Foggy Bottom toured Britain three times while Nick was with us. The first tour, when the team encountered Wild Hunt, was through England in 1995. The second tour, in 2000, took us to the wonderland of Caithness. After a delightful weekend with the St. Alban's Morris Men, we moved north to stay at the home--the big house--of an old friend of his at Thrumster. Under Nick's direction, we danced in Wick, combining with the Wick Pipe Band, and spent a day going up to Thurso, Dunnet Head (we "done it at Dunnet!" he exclaimed), and John O'Groats. That was followed by a memorable day dancing through Inverness. The last tour, in 2005, was heavenly. We stayed in Candy Valley, near Oswestry in Shropshire, at the bed and breakfast that Nick's brother Lindsay was establishing. Our dancing took us through Shropshire and into Wales, ever accompanied by Banks' Ales.

 

FBMM

Foggy Bottom Morris Men in Avebury, England, 1995. From left, standing: Will McIntire, Jim Lewis, Rodger Sunderland, Bill Brown, Art Shaw, Bob Collins, Pete Brown, Paul Kalina. Kneeling: Dennis Shaw, Tim Shaw, Nick Robertshaw, Jud McIntire.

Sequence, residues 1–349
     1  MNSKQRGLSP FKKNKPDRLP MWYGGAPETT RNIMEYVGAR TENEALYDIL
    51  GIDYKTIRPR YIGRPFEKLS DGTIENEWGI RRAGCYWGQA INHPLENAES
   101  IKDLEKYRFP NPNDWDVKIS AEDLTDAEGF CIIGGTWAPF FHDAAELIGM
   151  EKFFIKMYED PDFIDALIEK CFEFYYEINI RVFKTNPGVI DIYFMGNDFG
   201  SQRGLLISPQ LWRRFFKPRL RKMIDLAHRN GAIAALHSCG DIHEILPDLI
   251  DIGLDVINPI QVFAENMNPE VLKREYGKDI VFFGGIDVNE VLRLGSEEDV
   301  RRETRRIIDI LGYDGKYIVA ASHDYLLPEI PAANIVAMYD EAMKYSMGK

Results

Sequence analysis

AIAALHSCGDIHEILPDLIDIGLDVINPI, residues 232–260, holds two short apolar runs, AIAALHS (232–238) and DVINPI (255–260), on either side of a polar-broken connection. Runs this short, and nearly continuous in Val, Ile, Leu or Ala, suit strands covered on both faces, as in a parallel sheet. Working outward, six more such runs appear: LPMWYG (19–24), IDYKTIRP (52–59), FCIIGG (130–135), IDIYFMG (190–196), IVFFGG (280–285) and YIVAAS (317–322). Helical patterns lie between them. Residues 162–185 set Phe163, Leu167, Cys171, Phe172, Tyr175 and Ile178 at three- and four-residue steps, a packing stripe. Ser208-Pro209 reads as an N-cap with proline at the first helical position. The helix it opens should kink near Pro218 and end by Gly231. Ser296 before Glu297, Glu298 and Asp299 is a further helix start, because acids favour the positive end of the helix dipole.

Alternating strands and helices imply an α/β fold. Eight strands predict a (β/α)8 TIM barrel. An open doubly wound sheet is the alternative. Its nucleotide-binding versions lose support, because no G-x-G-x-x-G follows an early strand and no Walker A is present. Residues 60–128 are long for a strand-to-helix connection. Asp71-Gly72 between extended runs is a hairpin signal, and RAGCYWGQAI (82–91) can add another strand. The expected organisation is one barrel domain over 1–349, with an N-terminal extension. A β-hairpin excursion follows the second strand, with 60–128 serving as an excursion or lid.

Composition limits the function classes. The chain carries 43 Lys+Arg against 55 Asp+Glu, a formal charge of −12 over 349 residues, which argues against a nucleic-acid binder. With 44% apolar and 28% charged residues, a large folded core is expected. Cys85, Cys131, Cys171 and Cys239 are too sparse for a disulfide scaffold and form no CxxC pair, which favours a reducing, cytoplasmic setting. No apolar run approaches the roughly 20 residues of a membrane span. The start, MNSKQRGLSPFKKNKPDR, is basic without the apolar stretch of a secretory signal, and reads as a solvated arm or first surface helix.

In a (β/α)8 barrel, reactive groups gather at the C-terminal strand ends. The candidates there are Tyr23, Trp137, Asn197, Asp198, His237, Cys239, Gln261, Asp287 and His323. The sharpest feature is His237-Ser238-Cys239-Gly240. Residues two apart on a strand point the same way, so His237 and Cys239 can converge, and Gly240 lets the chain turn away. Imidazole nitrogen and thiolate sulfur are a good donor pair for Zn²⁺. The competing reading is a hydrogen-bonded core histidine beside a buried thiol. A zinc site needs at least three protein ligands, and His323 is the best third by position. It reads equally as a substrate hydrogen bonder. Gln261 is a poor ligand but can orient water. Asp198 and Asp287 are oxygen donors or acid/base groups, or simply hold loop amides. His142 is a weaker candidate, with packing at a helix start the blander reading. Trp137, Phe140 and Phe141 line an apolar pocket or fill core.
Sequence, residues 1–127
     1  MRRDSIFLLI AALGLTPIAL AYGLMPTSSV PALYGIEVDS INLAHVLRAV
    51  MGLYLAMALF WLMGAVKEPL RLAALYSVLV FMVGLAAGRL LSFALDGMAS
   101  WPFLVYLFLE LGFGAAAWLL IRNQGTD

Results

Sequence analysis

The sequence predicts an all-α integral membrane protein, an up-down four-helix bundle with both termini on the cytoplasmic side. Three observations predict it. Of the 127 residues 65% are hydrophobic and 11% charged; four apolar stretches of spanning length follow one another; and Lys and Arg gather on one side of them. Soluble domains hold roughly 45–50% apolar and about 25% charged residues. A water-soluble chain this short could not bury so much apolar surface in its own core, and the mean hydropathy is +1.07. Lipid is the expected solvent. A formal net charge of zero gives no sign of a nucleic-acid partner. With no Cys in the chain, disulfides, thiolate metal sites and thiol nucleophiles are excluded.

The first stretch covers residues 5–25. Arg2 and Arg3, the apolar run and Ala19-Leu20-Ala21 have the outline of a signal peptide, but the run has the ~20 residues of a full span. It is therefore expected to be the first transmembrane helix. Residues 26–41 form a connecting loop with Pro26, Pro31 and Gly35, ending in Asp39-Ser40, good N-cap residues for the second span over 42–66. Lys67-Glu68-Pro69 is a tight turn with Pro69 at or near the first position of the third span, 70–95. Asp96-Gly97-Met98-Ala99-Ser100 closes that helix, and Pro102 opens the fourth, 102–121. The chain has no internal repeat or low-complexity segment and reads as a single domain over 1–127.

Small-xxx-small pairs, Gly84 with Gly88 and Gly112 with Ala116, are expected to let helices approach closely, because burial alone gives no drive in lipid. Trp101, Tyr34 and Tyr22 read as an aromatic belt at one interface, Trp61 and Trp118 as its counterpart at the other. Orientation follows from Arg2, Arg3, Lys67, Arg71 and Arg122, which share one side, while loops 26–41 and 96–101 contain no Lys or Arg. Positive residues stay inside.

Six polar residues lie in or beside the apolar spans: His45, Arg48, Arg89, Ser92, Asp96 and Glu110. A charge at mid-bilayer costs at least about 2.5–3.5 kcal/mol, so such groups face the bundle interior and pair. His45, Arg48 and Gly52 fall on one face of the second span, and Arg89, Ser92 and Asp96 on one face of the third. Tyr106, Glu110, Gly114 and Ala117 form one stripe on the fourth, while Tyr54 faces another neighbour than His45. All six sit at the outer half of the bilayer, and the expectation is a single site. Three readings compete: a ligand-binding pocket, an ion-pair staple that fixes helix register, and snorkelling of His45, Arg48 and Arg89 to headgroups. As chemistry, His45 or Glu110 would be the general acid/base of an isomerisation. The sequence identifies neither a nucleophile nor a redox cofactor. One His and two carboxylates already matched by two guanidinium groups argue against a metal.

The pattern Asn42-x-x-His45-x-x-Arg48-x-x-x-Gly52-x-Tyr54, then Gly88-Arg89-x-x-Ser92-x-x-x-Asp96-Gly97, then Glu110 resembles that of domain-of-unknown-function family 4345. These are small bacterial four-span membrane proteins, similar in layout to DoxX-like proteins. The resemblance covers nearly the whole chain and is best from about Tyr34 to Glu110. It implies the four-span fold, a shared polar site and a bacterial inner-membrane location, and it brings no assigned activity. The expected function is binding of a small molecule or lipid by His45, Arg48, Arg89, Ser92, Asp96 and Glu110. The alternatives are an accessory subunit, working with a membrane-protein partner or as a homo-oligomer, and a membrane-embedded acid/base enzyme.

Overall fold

Tune: The Arethusa, played by Nick Robertshaw.  A Morris 'dance-off' between Jud and Thomas, dancing Princess Royal.  Springtime, probably taken during the Washington, DC Cherry Blossom Festival on Capital Hill. c.2003.

 

UK2K St Albans ; Bacca Pipes @White Lion

Bampton Bacca Pipes, Joe Shelby and Jud McIntire, music from Nick Robertshaw.  

 

 

UK2K Caithness, Wick.  Rose Tree

Foggy Bottom Morris performs The Rose Tree (our variation) in the streets at Wick, Caithness, Scotland.

Nick Robertshaw, concertina.  

 

 


UK2K Inverness Final Upton Stick 

Among our last dances on the UK2K tour, the Upton on Severn Stick Dance.  Nick Robertshaw on concertina.

 

Comments (0)

You don't have permission to comment on this page.